The Fruit Tingle CabaretA night full of tasty delights, The Fruit Tingle Cabaret certainly adds a little spice to Brisbane’s theatre scene. This raw, raunchy and riotous queer performance, the brainchild of Chris Maver, displays the varied and highly skilled talents of Brisbane’s queer community. Performed at the Judith Wright Centre, in the heart of Brisbane’s truly alternative creative hub, Fortitude Valley, The Fruit Tingle Cabaret is both entertaining and enlightening.

The performance is compiled of five short performances by five different artists. These pieces are intimate and daring, linked by a common theme of the Gay Identity. The casual relaxed atmosphere of the cabaret allows this sometimes sensitive issue to be addressed in a personalized rather than politicised way. The Judith Wright Centre is certainly an ideal setting for such a performance, and it is evident that Chris Maver has much to thank them for. Creator and drag Queen Chris Maver opens the evening in gold gown, belting out a tune and gracing the audience with her divine and flamboyant presence.

While Gary Nunn sets the mood on the piano, Maver sits down and tells the audience a ‘fairy tale’ about a Princess (who is really a queen) who endures trials and hardships of trying to find her own identity and community. An evidential parody of Maver’s real life struggle in his path to staging The Fruit Tingle Cabaret, he includes audience pleasing anecdotes about the evil tyrant Howie-Wowie and his denial of gay marriage. Maver is charming and natural, unafraid to curse when things don’t run smoothly, which only adds to the raw and exposed nature of the show.

Simon Chan
presents the second segment of the show.  He performs quirky, upbeat satirical tunes such as “I’m Gaysian, I’m Gaysian, I didn’t vote One Nation” and “It’s everybody’s right to be a Racist”. This man is undeniably cute. The simple and clever composition of his songs makes up for his not so strong vocal ability, and his delicate looking figure contradicts his subtly powerful lyrics. The type of performance that ‘is funny because it’s true’, Chan reflects on our society and finds us all just as imperfect as each other. Chan’s performance is followed by the powerful singer, Jo Doyle. Jo’s style is much more down to earth than both Chan and Maver, instead opting to perform heartfelt ballads that provide the audience with a glimpse of this woman’s soul. Her performance simultaneously emits joy and pain, and her choice of music tells her story. The ballads are broken up by endearing tête-à-têtes with her guitarist (who’s subtle humour threatens to overwhelm Jo’s solo performance). I would love to see Jo Doyle in a solo show of her own, separate to the cabaret, for her strength as a performer lies in her ability to simply be herself.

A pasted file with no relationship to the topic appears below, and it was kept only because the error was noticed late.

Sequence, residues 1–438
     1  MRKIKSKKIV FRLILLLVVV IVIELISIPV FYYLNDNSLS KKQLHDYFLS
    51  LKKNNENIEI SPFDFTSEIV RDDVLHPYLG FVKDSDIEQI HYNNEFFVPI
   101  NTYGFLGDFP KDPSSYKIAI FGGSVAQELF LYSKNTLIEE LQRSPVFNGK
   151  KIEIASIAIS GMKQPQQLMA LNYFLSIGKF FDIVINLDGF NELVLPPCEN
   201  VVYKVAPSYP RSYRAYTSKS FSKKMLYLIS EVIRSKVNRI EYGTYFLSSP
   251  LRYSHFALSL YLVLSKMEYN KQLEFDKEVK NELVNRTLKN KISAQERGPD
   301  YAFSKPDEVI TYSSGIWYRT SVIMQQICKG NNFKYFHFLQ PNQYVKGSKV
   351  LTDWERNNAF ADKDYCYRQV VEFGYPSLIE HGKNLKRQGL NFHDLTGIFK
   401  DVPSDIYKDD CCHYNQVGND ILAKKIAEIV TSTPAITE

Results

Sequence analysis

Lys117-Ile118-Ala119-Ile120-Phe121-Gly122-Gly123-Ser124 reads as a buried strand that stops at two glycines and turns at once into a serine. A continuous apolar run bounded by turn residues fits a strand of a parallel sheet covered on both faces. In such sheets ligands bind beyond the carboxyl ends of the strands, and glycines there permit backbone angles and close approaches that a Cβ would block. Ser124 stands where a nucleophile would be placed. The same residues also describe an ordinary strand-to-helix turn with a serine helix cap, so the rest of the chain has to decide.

Divo Sock and Sophia Woods of Switch Physical Theatre perform the third segment – a combination physical theatre and circus piece titled Bent. Unfortunately, this part of the evening was where the raw attitude, which I love for its ability to breathe life into performance, didn’t really work for a piece that presents high skill levels. This piece felt a little sloppy and loose, and needed tightening and strengthening to bring it to its full potential. That said, the performers still did a good enough job, the work was entertaining and it was probably the most artistically bold piece presented.

The final piece was presented by Fez Fa’anana and Mark Windmill – another dance/circus piece. Fa’anana delighted the audience with his dancing and rapping, while Windmill dazzled the audience in his work on the tissue. Probably the most memorable performance of Memory I will ever see involved Windmill dressed in a white lycra body suit and long haired ‘mullet’ twirling around in ironic moves relating to the songs lyrics. I think it was one of those ‘had to be there’ moments for my description of it certainly doesn’t do it justice, but it extremely funny and clever.

The raw feel of the evening gave it an under-rehearsed yet over-confident edge. While each piece was a little underdeveloped, the performers themselves still had poise enough to present a good show. Even when they made mistakes it just added to the liveliness of the production. I do not feel this is the end of The Fruit Tingle Cabaret. Certainly, it feels like this has more potential yet. I look forward to seeing if Chris Maver develops his show any further.

Chris Maver Productions and The Judith Wright Centre presents
The Fruit Tingle Cabaret

Performance Space
Wed 6 - Sat 9 Jun
7.30pm (doors open 7pm)
Reserved Cabaret Seating - Web $23, Phone & Door $25 (no concessions in cabaret section)
UnReserved Theatre Seating - Full: Web/Ph & Door $18/$20
Concession: Web/Phone & Door $13/$15
Box Office: Monday to Friday 12 noon - 4pm 07 3872 9000

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